Forthwith the sounds and seas, each creek and bay,
With fry innumerable swarm, and shoals 400
Of fish that with their fins, and shining scales
Glide under the green wave, in sculls that oft
Bank the mid sea: part single, or with mate,
Graze the sea-weed their pasture, and through groves
Of coral stray; or, sporting with quick glance,
Show to the sun their wav'd coats dropt with gold;
Or, in their pearly shells at ease, attend
Moist nutriment; or under rocks their food
In jointed armour watch: on smooth the seal
And bended dolphins play: part huge of bulk 410
Wallowing unwieldy, enormous in their gait,
Tempest the ocean: there leviathan,
Hugest of living creatures, on the deep
Stretch'd like a promontory sleeps or swims,
And seems a moving land; and at his gills
Draws in, and at his trunk spouts out, a sea.
Meanwhile the tepid caves, and fens, and shores,
Their brood as num’rous hatch'd, from the egg that soon,
Bursting with kindly rupture forth disclosed
Their callow young; but feather'd soon and fledge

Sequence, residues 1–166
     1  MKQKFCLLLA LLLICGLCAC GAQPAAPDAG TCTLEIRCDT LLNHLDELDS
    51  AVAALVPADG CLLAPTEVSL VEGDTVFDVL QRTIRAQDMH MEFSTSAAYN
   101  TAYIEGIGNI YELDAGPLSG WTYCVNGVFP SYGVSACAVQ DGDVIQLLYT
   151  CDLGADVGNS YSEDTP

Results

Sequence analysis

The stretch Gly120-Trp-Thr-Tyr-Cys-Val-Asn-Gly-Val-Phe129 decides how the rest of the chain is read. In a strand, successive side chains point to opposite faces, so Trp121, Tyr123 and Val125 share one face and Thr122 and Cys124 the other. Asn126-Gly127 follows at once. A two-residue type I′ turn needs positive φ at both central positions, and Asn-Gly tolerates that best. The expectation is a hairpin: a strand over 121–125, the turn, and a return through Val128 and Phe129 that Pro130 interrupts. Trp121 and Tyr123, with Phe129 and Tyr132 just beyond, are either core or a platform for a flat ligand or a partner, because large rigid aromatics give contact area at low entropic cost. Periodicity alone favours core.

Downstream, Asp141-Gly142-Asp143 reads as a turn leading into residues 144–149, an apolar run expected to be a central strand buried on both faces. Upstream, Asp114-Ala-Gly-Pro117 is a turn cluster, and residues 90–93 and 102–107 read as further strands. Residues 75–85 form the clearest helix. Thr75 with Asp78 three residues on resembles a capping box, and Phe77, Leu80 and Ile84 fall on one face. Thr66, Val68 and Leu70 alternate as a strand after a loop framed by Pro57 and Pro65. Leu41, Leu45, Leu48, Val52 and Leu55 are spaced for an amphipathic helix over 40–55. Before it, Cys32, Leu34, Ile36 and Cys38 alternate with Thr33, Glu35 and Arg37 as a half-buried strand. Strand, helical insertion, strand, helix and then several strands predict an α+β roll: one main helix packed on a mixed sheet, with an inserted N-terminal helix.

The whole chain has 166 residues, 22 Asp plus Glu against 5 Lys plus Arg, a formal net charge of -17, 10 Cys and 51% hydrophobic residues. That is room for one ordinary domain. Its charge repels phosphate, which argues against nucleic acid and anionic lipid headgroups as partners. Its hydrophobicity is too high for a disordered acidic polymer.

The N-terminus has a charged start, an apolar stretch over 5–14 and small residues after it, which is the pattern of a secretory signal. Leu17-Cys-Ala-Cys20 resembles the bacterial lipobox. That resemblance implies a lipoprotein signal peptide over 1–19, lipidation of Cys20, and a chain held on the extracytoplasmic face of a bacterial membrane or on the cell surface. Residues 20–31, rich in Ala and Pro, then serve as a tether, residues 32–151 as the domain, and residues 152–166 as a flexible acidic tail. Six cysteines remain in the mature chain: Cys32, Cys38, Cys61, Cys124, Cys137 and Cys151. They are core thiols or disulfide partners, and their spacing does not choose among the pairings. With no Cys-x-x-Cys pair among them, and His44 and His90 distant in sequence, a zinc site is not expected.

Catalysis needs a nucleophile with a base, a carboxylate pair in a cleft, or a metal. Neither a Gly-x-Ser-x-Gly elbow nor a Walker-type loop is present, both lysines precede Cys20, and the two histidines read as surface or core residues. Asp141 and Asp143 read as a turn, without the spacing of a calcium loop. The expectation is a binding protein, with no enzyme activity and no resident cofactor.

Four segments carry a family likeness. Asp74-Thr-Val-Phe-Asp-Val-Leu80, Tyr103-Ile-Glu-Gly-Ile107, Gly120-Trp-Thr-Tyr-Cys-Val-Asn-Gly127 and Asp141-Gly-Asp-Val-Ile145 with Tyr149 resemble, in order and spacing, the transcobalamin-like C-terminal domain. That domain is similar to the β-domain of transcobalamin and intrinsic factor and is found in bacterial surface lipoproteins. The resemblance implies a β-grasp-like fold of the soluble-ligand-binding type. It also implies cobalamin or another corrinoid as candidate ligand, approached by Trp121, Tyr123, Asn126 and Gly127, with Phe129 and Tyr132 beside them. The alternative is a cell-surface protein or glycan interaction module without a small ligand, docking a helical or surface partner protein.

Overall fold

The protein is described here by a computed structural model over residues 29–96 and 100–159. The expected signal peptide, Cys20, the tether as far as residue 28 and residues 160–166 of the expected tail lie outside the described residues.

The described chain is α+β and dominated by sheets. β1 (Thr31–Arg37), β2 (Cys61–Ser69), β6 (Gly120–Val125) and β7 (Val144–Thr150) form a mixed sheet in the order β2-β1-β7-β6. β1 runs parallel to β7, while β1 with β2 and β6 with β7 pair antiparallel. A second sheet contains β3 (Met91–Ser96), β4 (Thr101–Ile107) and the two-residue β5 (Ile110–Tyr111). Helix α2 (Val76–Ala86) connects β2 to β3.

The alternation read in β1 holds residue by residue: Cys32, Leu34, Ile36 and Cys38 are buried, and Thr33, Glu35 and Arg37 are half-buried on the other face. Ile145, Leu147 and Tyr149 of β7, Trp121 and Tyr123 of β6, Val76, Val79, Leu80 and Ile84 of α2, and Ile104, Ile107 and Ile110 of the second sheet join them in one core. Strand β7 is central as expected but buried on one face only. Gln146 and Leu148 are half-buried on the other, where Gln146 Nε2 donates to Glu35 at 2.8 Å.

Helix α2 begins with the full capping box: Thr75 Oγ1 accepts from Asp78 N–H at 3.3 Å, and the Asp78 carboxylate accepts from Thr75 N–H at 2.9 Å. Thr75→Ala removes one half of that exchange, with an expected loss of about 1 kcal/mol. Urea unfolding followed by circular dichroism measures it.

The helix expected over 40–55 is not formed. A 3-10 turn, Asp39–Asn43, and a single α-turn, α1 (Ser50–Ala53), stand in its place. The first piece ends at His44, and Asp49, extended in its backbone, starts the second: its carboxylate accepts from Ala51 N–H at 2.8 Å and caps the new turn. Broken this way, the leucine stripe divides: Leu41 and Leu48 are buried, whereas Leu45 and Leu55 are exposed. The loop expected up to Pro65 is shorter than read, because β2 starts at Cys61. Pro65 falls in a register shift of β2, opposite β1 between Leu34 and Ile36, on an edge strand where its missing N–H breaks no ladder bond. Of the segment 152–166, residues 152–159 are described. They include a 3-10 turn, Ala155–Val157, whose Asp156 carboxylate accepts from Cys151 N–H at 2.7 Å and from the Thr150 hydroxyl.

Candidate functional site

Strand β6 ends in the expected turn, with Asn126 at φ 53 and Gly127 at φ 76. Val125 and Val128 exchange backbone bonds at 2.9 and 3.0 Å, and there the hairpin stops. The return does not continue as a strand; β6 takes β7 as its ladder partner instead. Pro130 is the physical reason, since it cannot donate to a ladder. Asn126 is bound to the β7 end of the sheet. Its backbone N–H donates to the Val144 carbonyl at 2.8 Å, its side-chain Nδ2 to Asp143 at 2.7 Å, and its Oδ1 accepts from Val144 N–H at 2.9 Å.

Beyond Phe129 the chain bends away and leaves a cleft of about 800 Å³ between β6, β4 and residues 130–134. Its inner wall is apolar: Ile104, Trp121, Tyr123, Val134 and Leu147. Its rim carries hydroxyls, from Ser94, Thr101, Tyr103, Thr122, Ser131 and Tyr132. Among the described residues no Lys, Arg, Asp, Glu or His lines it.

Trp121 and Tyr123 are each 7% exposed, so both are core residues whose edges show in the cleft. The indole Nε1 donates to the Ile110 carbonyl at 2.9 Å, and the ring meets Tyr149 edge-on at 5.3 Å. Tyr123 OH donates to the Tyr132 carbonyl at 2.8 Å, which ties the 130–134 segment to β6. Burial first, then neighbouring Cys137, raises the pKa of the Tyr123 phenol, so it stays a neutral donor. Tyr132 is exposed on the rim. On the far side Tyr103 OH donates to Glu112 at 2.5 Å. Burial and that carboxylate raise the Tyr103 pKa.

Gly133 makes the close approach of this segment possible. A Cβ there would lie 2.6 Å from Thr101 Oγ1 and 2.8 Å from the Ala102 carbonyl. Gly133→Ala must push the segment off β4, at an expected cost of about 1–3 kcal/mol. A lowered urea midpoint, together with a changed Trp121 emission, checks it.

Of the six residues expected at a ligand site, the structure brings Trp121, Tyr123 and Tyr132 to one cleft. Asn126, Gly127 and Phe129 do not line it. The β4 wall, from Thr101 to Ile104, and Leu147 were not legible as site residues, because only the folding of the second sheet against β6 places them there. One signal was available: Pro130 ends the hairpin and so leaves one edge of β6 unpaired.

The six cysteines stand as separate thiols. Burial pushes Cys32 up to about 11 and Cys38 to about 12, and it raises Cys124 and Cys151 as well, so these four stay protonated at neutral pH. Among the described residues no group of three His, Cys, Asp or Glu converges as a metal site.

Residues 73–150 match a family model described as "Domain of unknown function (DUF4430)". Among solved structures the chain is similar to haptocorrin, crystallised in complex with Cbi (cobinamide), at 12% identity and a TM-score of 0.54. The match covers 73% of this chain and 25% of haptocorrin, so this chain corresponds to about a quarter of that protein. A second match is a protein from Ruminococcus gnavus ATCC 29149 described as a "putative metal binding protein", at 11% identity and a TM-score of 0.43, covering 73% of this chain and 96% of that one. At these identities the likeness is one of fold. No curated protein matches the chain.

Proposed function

They summ'd their pens; and, soaring the air sublime,
With clang despis'd the ground, under a cloud 422
In prospect; there the eagle and the stork
On cliffs and cedar-tops their eyries build;
Part loosely wing the region, part more wise
In common, ranged in figure wedge their way,
Intelligent of seasons, and set forth
Their aery caravan, high over seas
Flying, and over lands, with mutual wing
Easing their flight; so steers the prudent crane 430
Her annual voyage, borne on winds; the air
Floats as they pass, fann'd with unnumber'd plumes:
From branch to branch the smaller birds with song
Solac'd the woods, and spread their painted wings
Till even ; nor then the solemn nightingale
Ceas'd warbling, but all night tun'd her soft lays:
Others, on silver lakes and rivers, bath'd
Their downy breast; the swan, with arched neck,
Between her white wings mantling proudly, rows
Her state” with oary feet; yet oft they quit 440
The dank, and, rising on stiff pennons, tower
The mid ačreal sky: Others on ground
Walk'd firm; the crested cock whose clarion sounds
The silent hours, and the other whose gay train
Adorns him, colour'd with the florid hue
Of rainbows and starry eyes. The waters thus
With fish replenish'd, and the air with fowl,
Ev’ning and morn solemnized the fifth day.
The sixth, and of creation last, arose
With evening harps and matin; when God said, 450
Let the Earth bring forth soul living in her kind,
Cattle, and creeping things, and beast of the Earth,